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When you need help, please find it

As I was walking in the neighborhood the other day, I passed a car, with windows open.  A man and woman sat inside, stopped at the light.  I walked in front of their car as I crossed the street, and I could hear the rage coming from within.  I don't know the nature of the fight, but it was a fight.  The man, in the drivers seat, was yelling at the woman, he pounded on the steering wheel and yelled at her "I'm gonna let you have it when we get home!"

My heart skipped beats.  I felt scared.  I felt scared for the woman.  I knew nothing of their situation, of their relationship, and I hate to draw conclusions, but it didn't sound good.

I was in a scary relationship before.  I have been fearful of my own health and wellness, feeling that my fate was in the hands, literally, of another.  I have feared my own partner.  We did not live together, but somehow I felt that he was always there, watching and keeping an eye on me.  Once, he was.  I woke up and saw his face peering at me through my bedroom window, my bed right next to that thin glass. Another time, he used that same window to come into my space, to come into my place.  To violate my space, to violate my place.  I have furniture thrown at me, chairs striking me, tables flipped over onto me feet.  I have been pushed, shoved the ground.  I have been cornered.  I have been hit, in public and in private.

This was a long time ago now, but when I heard that man yelling at that woman, my heart sunk for her.  I might be assuming too much, but the scenario did not look pretty.

When I was in the throes of this relationship, I constantly questioned what to do.  Mostly, I figured I would just hide, stay in my apartment when it turned dark, with doors locked.  I did not want to sleep in my bedroom.  I would find reasons to spend the night elsewhere, with friends.  I changed my daily schedule.  I changed my routes to and fro.  I wanted to escape.  And, of course, I didn't want to tell anyone, for fear that it would only be worse.

Eventually, my fear for my wellness overcame my fear that it would become worse.  I called a crisis line and they helped me sort out things like restraining orders, safe places, and even a mediator.  I felt lucky because I think this person, the one who did me harm, was eventually able to reform.  I know he began to see a therapist, and - I do believe - he has changed for the better.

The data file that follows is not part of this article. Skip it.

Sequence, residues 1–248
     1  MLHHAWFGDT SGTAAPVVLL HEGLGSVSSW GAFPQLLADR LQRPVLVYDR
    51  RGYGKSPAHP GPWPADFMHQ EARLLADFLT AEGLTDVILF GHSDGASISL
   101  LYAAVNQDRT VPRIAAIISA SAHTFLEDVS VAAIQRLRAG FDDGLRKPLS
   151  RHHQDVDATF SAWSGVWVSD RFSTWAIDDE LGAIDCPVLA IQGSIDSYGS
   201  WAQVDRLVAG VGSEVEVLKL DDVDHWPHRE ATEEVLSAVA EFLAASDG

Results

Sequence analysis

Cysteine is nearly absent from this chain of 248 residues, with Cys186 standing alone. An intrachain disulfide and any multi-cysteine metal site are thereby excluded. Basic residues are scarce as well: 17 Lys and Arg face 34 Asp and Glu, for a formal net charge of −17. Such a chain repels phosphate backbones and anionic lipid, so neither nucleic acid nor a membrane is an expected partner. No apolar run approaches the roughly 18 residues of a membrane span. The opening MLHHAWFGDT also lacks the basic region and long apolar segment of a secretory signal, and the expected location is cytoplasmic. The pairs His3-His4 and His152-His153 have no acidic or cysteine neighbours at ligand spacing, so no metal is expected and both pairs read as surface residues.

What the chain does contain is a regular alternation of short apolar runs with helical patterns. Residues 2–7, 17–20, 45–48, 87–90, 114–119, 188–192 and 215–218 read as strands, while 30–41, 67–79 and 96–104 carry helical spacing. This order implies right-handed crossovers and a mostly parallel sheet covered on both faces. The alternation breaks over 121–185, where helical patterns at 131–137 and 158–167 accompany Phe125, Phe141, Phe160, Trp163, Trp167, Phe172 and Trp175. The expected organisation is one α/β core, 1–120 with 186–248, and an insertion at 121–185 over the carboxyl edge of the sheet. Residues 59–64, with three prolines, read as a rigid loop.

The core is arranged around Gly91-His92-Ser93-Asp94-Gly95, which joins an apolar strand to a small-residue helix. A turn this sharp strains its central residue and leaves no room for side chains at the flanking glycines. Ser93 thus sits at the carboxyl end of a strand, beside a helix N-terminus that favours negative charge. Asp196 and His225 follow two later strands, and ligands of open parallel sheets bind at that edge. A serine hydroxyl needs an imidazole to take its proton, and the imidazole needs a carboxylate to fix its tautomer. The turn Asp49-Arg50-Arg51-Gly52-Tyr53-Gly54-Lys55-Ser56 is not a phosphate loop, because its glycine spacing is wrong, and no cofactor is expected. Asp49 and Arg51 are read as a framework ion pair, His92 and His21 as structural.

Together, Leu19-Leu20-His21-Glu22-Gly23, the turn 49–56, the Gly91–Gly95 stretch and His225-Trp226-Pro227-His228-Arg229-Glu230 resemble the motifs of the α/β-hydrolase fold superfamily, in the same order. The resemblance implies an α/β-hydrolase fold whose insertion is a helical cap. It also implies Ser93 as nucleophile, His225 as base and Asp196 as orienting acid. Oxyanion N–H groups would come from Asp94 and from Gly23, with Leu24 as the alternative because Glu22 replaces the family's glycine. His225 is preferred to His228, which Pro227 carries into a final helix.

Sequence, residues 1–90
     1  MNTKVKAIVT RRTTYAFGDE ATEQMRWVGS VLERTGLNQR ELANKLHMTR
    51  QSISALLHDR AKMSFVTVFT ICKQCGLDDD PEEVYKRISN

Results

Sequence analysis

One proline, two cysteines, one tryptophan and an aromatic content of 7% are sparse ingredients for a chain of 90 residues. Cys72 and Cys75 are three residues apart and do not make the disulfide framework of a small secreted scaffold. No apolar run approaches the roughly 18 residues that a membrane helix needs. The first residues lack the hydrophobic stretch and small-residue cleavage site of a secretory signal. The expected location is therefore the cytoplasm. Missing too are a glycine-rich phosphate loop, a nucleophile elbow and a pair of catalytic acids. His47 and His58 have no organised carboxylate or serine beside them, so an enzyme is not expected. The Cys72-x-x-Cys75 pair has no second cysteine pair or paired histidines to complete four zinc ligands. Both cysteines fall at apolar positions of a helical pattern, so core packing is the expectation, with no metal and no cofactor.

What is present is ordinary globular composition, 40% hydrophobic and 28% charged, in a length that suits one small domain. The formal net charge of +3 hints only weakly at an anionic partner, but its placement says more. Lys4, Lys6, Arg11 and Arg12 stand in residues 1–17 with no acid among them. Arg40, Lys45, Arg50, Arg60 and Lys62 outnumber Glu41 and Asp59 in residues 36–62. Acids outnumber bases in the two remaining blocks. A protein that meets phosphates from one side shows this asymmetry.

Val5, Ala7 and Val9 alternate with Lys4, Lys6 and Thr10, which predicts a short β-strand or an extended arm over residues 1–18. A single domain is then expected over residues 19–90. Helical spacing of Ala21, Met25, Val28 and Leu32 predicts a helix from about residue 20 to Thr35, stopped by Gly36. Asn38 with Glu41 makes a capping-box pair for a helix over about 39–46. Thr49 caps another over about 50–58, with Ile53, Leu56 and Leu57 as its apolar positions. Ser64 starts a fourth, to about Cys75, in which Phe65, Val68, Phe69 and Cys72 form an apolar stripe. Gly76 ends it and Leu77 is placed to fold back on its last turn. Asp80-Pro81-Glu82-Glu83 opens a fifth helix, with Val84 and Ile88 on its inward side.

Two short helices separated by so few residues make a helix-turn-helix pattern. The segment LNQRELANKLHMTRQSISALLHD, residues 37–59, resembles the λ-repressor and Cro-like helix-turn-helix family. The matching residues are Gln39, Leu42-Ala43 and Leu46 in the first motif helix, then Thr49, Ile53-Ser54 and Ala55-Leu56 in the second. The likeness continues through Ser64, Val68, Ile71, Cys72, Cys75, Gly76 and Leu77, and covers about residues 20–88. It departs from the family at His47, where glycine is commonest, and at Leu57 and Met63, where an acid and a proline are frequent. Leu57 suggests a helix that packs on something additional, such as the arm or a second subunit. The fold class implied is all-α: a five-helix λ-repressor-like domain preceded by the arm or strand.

When all of these memories flooded back the other day, I remembered that we do not all live in safe, happy, blissful partnerships.  We talked the other day about we, ourselves, as mamas & papas, lose our tempers with our children.  I know that we, as adults, lose our tempers with our partners, too.  At church, at my midwife's office, and on community bulletin boards, I see a lot of material about the Portland Women's Crisis Line (888-235-5333).  If you feel that you need to reach out, I beg you to try to find a safe spot (perhaps using the computer/phone at a library), if at all possible, to find help.  I know it is not easy.  If you have other resources for women who face domestic violence, please feel free to share here.

Comments

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Thanks for posting this. It's so good to see the reminders for the hotline as well as hear someone else tell their tale.

I'm glad it worked out for you. I was in a similar situation right after college and I had support from family and friends, but I had to make the decision on my own to finally remove myself and get away from this person. Then he kept popping up at strange places where I would be and I never knew if it was a coincidence...unfortunately, many times, the perpetrator will not stop the behavior until they find another willing target. I hope that other men/women who do take out their rage on their partners seek help and are able to develop a sense of empathy and not have the same need to be in control of others when they are not in control of themselves.